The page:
Sunday, May 9, 2010

ANOTHER VIEW ON NEW MEXICO'S IMMIGATION LAW

THIS may be controversial because it is "Catholic". OK, liberals, put aside your prejudice and listen to another valid voice.
THANKS.
justin






New Archbishop of Miami explains immigration stance
Orlando, Fla., May 7 (CNA) .-

U.S. immigration laws
are "immoral and unjust" and should be reformed to create a "path to citizenship," Bishop of Orlando Thomas Wenski has said. Comparing illegal entry into the U.S. to a misdemeanor like jaywalking, he noted that participants in the Boston Tea Party were also lawbreakers.

Weeks before his appointment to become Archbishop-designate of Miami, Bishop Wenski spoke to the Diocese of Orlando's Pastoral Council on March 27. He said that immigration laws
are "immoral and unjust" because they are "antiquated" and "inadequate" for present realities, according to the Florida Catholic newspaper.

"When we look at illegal entry into the U.S. from a Catholic perspective, we understand that it doesn't carry a moral judgment on that person," the bishop commented, comparing the situation
to Jim Crow laws which barred blacks from drinking out of white drinking fountains.

"It is not a felony to be in this country
illegally — it's a misdemeanor, which is what you do when you jaywalk or speed. You don't become a criminal because you have a lead foot or don't use the crosswalk," he explained.

Adding that the U.S. bishops are not necessarily advocating amnesty, he said they advocate "a path to citizenship." "So if people didn't follow the proper procedures in coming into this country, then just as with jaywalking, you get a fine," he commented.

Comprehensive reform would allow employers a legal method of bringing workers to the country. "First, let's give a path to legality for those who are here. Next, let's support the reunification of families," he added, noting the ten-year waiting period for bringing families into the country.

He pointed out that the "patriots" of the Boston Tea Party were law breakers, as was civil rights pioneer Rosa Parks. If these people can be honored, he argued, then the situation of illegal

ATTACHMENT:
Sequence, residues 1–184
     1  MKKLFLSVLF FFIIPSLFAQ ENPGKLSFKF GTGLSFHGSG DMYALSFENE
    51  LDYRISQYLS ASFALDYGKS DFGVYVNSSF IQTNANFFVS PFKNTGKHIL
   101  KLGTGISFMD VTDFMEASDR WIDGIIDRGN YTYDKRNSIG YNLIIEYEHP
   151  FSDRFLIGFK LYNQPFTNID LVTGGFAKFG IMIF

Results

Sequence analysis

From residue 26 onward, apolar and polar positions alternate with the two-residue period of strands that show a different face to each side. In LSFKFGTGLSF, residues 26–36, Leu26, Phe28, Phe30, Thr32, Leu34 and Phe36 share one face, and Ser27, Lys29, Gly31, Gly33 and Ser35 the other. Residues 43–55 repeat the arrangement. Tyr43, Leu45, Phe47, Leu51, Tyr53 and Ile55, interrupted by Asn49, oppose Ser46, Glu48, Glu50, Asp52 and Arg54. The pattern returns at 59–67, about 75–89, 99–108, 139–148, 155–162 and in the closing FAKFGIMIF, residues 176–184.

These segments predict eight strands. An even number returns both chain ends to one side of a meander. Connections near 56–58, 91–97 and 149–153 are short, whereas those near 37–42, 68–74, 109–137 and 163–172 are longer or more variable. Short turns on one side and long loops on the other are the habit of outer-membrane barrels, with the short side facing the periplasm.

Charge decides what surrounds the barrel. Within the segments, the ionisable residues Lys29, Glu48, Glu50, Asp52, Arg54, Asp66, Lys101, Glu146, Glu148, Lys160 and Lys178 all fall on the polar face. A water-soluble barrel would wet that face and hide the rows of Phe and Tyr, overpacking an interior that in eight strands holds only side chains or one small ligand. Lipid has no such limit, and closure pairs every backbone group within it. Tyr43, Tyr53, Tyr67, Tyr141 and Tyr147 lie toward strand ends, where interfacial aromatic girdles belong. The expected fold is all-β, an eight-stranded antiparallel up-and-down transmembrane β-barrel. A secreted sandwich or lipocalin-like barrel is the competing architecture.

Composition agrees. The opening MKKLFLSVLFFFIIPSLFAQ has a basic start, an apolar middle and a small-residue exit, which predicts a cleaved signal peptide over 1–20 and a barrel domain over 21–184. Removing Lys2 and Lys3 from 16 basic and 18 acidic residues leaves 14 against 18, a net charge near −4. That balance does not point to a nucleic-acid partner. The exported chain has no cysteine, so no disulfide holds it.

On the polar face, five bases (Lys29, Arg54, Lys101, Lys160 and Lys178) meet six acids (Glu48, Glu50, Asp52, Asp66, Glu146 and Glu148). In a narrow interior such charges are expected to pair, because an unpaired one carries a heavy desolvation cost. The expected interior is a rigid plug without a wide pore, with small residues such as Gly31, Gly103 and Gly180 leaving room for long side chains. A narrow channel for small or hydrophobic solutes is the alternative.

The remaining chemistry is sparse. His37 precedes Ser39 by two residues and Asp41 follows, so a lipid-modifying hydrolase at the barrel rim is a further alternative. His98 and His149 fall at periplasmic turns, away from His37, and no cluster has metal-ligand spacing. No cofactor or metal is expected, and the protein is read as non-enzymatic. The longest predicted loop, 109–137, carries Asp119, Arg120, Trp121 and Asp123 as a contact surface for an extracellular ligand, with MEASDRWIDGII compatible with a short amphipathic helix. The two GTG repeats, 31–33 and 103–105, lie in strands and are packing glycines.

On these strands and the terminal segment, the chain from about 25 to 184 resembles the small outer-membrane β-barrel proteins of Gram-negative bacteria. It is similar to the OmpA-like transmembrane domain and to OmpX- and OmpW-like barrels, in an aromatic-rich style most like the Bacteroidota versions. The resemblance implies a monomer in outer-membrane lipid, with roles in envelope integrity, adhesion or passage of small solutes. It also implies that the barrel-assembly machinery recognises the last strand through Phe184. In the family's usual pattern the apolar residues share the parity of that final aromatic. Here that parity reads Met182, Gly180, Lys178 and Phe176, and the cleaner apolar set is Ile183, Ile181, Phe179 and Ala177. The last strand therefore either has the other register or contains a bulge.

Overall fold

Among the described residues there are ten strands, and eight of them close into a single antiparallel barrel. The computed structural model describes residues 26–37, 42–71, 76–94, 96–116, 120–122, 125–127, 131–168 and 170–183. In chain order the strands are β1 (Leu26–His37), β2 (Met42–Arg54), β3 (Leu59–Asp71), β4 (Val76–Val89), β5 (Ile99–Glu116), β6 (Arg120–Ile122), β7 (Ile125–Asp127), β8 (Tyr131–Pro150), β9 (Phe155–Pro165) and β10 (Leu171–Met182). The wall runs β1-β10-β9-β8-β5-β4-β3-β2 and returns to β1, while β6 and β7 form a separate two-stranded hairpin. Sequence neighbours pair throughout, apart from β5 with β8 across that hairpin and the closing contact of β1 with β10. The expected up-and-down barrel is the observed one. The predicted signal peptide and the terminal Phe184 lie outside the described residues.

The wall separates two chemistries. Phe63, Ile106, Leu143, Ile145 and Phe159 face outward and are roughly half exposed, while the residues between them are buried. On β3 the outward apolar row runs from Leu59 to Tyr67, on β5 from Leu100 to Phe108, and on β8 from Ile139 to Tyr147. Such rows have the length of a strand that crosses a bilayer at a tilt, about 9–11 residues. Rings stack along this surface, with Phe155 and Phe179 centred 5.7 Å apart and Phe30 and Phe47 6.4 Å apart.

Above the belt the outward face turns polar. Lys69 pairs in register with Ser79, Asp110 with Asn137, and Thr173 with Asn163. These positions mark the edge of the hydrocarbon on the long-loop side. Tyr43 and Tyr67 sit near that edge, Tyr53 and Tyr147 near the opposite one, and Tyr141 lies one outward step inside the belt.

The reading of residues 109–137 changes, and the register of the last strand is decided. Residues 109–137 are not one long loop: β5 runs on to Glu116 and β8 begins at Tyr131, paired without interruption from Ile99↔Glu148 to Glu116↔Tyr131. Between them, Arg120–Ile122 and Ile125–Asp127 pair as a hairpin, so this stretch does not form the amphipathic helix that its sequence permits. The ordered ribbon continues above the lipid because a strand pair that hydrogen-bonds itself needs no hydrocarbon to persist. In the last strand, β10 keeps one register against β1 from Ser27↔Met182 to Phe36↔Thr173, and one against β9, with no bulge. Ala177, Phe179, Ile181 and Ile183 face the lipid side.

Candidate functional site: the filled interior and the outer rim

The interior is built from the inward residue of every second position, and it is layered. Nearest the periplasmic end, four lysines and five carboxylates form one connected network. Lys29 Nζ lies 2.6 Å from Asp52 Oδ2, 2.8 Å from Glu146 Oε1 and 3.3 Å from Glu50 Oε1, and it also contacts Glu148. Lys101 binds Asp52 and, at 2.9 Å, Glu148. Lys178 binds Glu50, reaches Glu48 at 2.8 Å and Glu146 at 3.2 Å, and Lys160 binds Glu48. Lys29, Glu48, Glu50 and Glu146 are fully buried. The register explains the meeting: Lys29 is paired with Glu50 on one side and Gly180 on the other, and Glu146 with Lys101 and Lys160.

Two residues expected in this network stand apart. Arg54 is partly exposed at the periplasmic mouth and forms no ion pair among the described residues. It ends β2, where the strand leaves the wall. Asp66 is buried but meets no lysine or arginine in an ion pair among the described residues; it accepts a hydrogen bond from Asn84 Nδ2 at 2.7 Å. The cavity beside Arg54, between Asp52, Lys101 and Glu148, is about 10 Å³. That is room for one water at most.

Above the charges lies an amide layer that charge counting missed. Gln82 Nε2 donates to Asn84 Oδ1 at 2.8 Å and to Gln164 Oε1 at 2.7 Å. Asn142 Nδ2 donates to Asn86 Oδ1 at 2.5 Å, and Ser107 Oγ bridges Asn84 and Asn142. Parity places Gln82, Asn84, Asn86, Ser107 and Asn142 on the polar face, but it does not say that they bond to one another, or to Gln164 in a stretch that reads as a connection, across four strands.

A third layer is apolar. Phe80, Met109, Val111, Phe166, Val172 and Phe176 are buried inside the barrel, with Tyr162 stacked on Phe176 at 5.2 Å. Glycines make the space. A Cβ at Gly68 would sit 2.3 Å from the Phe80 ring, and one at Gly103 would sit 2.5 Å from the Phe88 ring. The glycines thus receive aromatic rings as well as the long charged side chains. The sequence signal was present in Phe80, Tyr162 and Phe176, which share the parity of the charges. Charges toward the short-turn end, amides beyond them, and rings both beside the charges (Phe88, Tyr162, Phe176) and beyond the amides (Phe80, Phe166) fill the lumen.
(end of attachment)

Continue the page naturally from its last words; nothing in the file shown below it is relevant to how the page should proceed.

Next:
immigrants can be resolved and they can integrate into American society.

Noting that social justice is part of the Catholic faith, he added that Catholics cannot pray "Thy will be done" without committing themselves to social justice.

10 comments:

Gary Kelly said...

Sounds okay to me.

However, his words: ...because they are "antiquated" and "inadequate" for present realities... should apply equally to religious doctine in my view. What was good for the goose 2000 years ago is not necessarily good for the gander of today. But so often doctine refuses to budge, and for the life of me I can't understand why.

We're all works in progress, as is the society in which we live and participate. So let's not ignore the 'progress' aspect.

That's easier said than done, of course. Progress means change.

JustinO'Shea said...

Thanks, Gary. . . and I agree with you!. . . "Antiquated /inadequate" should apply equally for religious doctrine!

But it seems to be "pick n choose", carefully avoiding the entire area of human sexuality! If this bishop continues his way of thinking, maybe he will "evolve" further in his applying principles. . . .he HAS to move from this to the next. . . .God help us!

Dinah Bee Menil said...

Nice site, very informative. I like to read this.,it is very helpful in my part for my criminal law studies.

Stew said...

It's always easier for anyone to point out someone elses faults. So Gary's comment about the religion being antiquated and they should look at themselves falls into the usual hypocracy that is organized relgion.
I do agree that the whole thing should be evaluated for improvement. I personally know a Mexican that has lived 15 years in this country. His whole life is here, yet he keeps getting deported. I don't like that he doesn't pay taxes. But I can sympathize with him about his life as an alien. If he could become a citizen, then maybe he could start paying his fair share of taxes.